Research themes

Predator-prey dynamics of the past

Biotic interactions, especially predation, have drawn considerable attention in recent times as an important agent of natural selection. The fossil record of drilling and shell-crushing predation is unique where evidence of predation is preserved. Drilling predation is often used as a model system by paleobiologists to evaluate evolutionary and ecological effects of such predatory interaction on the composition of molluscan communities. Using drilling frequencies, it is possible to test quantitatively specific predictions regarding predatory behavior and prey response in deep time. We use experimental data, ecological observation and paleoecological proxies to test such predictions in molluscan community. [For more see Chattopadhyay et al, 2014, Klompmaker et al, 2019, Chattopadhyay et al, 2020]

Oceanographic deteminants of molluscan distribution along the Indian coast

Tropical coastal areas are one of the most diverse ecosystems in the world. However, there are quite a few coasts that have rarely been studied for their macro-benthic diversity. The Indian coastline presents one such gap area. Two sub-parallel coast lines of India have a wide latitudinal span (8 to 23N) and strikingly different physiographic environments. While the east coast receives a high siliciclastic input from large river systems flowing to the Bay of Bengal with fluctuating salinity, the west coast has a large shelf area and high productivity of the Arabian Sea. Such difference enables us to evaluate the effect of regional environmental parameters on marine molluscan diversity and distribution in an intra-tropical setting. We use species distribution of marine bivalves, compiled using available literature and field collection, to address this question. [For more see Sarkar et al, 2019, Chattopadhyay et al, 2021]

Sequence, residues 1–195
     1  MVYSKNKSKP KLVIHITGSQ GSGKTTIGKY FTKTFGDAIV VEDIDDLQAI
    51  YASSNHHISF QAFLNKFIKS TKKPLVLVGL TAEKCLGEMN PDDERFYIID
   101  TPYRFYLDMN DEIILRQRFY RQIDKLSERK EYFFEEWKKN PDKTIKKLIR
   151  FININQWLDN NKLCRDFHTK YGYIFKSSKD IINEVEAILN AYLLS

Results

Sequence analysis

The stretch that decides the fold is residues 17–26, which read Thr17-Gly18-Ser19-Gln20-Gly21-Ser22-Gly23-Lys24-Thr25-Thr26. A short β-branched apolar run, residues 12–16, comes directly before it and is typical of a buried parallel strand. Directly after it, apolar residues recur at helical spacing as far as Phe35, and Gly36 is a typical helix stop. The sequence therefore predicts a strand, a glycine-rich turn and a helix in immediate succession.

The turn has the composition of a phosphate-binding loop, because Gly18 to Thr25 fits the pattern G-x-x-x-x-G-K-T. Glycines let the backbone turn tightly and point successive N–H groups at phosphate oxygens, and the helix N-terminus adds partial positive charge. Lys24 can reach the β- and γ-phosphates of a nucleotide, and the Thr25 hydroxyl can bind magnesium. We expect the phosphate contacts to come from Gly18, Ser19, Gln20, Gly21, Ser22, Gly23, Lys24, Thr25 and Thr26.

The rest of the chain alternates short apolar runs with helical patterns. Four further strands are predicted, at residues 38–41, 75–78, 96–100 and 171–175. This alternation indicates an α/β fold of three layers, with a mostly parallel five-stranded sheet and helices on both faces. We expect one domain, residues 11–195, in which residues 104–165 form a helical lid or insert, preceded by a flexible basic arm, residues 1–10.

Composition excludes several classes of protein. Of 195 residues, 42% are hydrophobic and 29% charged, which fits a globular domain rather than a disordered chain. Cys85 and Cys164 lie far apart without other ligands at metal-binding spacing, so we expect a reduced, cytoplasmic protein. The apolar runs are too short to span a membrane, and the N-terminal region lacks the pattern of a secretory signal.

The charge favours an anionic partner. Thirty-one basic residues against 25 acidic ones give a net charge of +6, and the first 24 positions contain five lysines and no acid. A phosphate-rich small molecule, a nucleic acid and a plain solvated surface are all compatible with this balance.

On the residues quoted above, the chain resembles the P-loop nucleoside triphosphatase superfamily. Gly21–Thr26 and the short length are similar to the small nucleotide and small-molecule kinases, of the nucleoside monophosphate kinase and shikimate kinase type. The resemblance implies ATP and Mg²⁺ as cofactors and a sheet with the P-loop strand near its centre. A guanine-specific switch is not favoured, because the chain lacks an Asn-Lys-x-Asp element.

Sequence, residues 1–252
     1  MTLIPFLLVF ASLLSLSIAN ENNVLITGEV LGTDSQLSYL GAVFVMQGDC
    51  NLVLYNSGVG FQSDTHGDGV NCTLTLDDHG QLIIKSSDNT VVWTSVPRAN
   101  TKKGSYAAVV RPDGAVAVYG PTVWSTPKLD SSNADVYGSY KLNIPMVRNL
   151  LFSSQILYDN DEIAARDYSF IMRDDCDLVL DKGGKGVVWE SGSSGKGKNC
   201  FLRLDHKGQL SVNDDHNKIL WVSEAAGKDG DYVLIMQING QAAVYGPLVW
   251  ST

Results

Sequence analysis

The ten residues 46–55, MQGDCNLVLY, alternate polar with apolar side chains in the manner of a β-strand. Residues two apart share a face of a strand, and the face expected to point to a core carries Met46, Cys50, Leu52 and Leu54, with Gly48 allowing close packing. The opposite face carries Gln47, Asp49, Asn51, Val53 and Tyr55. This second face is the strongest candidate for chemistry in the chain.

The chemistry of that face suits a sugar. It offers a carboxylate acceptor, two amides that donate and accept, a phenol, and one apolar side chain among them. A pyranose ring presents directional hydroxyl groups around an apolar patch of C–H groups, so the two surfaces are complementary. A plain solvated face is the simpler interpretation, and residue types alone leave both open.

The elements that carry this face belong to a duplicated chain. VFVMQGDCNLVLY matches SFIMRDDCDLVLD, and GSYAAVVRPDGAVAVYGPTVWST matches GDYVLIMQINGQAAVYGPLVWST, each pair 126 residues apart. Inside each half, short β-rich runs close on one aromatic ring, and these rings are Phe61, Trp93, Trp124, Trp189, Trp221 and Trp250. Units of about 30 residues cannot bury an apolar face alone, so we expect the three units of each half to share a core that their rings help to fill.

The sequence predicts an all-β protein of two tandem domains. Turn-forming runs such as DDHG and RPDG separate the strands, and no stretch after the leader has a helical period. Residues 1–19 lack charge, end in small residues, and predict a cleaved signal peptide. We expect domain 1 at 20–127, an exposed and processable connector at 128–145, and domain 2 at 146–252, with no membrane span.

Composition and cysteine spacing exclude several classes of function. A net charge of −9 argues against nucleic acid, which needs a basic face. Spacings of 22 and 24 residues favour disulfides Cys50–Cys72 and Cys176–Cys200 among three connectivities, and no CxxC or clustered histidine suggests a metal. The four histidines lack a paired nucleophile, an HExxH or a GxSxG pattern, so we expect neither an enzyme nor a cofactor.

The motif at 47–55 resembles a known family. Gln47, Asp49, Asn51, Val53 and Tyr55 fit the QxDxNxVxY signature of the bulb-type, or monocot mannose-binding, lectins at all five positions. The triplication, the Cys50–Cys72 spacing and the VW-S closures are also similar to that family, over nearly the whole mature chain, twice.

Oligocene-early Miocene fauna of western India and its paleoenvironmental implications

The marine fauna of western India, especially the Kutch Basin witnessed a number of important events in Neogene including closure of Tethyan seaway, development of monsoon. Using trace element and stable isotope composition of calcitic shells of marine bivalves, we attempt to evaluate changes in the regional environment. We aim to understand the nature of Oligocene-early Miocene paleoenvironment of western India during a time of important regional and global events. We also try to study the response of a tropical marine community to such changes. [For more see Dutta et al, 2020]